For the past several months I having been hiking along the rugged Ka Iwi Coast of East Oʻahu to look for red-tailed tropicbirds or koaʻe ʻula during nesting season.

When I saw my first baby chicks in March my curiousity peaked and I decided to return nearly every weekend to see the chicks grow, mature, and fledge.

Click on photo to enlarge

One of my favorite spots along the rugged coastline is Halona Point whose rocky outcrop shelters a sandy cove.  Multi-hued shades of blue, aqua, and green blend into each other as deep ocean transitions to shallow cove.

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Many small coves and tide pools are carved into the ledge along the rugged coastline.  I can never resist to peer in the water to see the tiny fishes, brilliant coral, and colorful urchins before making my way in and out of the coastline and up and down the rocky escarpment.

Red-tailed tropicbirds nest in miniature caves and niches carved in the rocky slopes and cliffs.  Although the birds are neat to see on the ground, they are amazing to watch in flight!

Koaʻe ʻula or red-tailed tropicbirds (Phaethon rubricauda) can grow up to 36-42 inches long (including tail) and have wingspans up to 44 inches across.  Their most distinctive feature are their long red tail feathers and bright red beaks.

They often soar high overhead in the sky, with their long red tails streaming behind.

The birds are almost entirely white but have some black accents on their heads and flanks.

Red-tailed tropicbirds are pelagic seabirds indigenous to the Hawaiian Islands and are found throughout the Pacific and Indian Oceans.

The breeding population in Hawai‘i is estimated between 9,000 and 12,000 pairs, with the largest populations on Midway Atoll and Laysan Island in the Northwest Hawaiian Islands.

The worldwide population is estimated between 17,000 to 21,000 breeding pairs, with most of them in the Pacific Ocean.

One of the coolest things to see is their acrobatics in the air.  The birds fly in vertical circular loops diving past each other and actually fly backwards!  See the video at the end of this post to see their aerial antics.

Another cool thing to watch is how the birds land on the rocky cliffs over the ocean.

The birds often circle around a few times to orient themselves before landing.

Their webbed feet drop down and their wings rotate in a egg-beater motion to slow their air speed.

The birds hover momentarily in mid air just before landing on the rocky cliffs.

 Click on photo to enlarge

Some koaʻe ʻula have really long tail feathers that are longer than the bird itself.  The tail feathers were prized in ancient Hawaii and were used to make kāhili — royal feather standards — the symbols of chiefly rank.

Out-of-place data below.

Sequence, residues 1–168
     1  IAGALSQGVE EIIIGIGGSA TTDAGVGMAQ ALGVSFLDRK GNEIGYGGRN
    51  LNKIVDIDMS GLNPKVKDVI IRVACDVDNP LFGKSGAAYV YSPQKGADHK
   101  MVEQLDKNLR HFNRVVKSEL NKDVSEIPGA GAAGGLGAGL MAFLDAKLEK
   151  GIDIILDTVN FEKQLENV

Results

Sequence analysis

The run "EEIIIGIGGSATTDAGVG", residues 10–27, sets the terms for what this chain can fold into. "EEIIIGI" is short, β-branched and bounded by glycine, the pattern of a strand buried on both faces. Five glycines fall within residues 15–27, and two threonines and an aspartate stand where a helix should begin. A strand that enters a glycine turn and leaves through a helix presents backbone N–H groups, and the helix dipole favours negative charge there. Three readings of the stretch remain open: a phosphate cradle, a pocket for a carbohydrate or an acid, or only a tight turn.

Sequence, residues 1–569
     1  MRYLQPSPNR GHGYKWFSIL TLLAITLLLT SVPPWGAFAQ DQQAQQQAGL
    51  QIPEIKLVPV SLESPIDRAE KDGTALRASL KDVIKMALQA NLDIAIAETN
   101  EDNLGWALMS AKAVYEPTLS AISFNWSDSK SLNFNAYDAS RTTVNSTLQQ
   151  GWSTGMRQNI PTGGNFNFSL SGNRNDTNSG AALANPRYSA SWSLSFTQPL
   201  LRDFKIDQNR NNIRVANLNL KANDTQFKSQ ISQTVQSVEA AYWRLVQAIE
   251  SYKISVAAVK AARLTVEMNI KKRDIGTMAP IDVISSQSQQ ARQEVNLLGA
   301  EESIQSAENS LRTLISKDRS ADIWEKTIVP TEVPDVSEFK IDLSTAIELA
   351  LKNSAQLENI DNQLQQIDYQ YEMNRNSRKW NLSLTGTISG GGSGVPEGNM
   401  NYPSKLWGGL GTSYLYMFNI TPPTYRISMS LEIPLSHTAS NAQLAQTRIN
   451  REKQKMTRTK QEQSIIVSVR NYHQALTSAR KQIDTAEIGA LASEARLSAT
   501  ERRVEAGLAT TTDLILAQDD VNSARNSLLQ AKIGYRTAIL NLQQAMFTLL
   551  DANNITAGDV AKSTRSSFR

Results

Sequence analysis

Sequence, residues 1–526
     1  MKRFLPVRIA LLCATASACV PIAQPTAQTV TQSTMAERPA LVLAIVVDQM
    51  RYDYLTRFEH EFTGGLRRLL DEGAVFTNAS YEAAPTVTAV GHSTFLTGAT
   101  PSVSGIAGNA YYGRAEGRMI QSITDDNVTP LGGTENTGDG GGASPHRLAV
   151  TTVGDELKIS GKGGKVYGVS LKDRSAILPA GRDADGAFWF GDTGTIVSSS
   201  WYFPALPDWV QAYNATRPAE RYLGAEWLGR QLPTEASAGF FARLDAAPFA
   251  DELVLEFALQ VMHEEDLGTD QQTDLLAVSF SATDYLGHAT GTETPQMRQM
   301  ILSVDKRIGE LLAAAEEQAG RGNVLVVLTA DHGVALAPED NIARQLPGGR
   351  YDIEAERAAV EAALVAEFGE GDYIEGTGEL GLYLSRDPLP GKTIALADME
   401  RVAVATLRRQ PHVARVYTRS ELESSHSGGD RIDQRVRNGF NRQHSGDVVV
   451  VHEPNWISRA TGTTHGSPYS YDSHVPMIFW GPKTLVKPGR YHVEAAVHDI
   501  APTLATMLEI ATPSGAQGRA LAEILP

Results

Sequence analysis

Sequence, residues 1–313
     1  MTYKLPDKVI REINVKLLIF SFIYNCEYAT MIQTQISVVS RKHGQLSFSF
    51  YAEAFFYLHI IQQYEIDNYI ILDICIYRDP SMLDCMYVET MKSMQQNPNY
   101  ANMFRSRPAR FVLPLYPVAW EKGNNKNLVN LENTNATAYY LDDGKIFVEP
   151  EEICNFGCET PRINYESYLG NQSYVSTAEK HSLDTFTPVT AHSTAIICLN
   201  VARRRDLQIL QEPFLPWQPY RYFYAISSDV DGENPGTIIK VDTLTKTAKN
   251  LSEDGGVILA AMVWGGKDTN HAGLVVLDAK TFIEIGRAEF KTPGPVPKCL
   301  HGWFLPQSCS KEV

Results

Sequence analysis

The birds nest in miniature caves and niches carved into the rocky escarpment along the coast.  Both parents take turns incubating the egg and hunting for the chick.

When baby chicks first hatch they are covered with a soft gray down — except for their faces which are naked and black in color.

The parents are protective and squawk loudly if they feel threatened or if you to approach too closely.

Parents take turns hunting and bring back fish and squid for their little chicks to eat.

White feathers begin to sprout on their black faces and juvenile feathers begin to emerge.

The chicks have voracious appetites and are soon covered with black and white plumage.

Juveniles grow rapidly and within 4 to 5 weeks become as large as their parents.

Although I returned week after week to see the chicks in first flight, luck was not with me — I never saw them flying.  This is the largest chick I saw before it fledged and left the nest — never to be seen again.

Red-tailed Tropicbirds are beautiful seabirds with a fascinating life cycle.  I will have to try again next season to see juvenile chicks in first flight.  There is much to look forward to next year!

SOURCES:

Birds of Hawaii, Phaethon rubricauda (red-tailed tropicbird), Hawaii Ecosystems at Risk

Red-Tailed and White-Tailed Tropicbirds (Koa‘e ‘Ula; Koa‘e Kea), Seabirds of the Hawaiian Islands, Hawaiian Encyclopedia

Red-Tailed Tropicbird, Wikipedia

Red-Tailed Tropicbird, Division of Forestry and Wildlife, Department of Land and Natural Resources, State of Hawaii

The Red-Tailed Tropicbird or Koa’e ‘ula, Phaethon rubricauda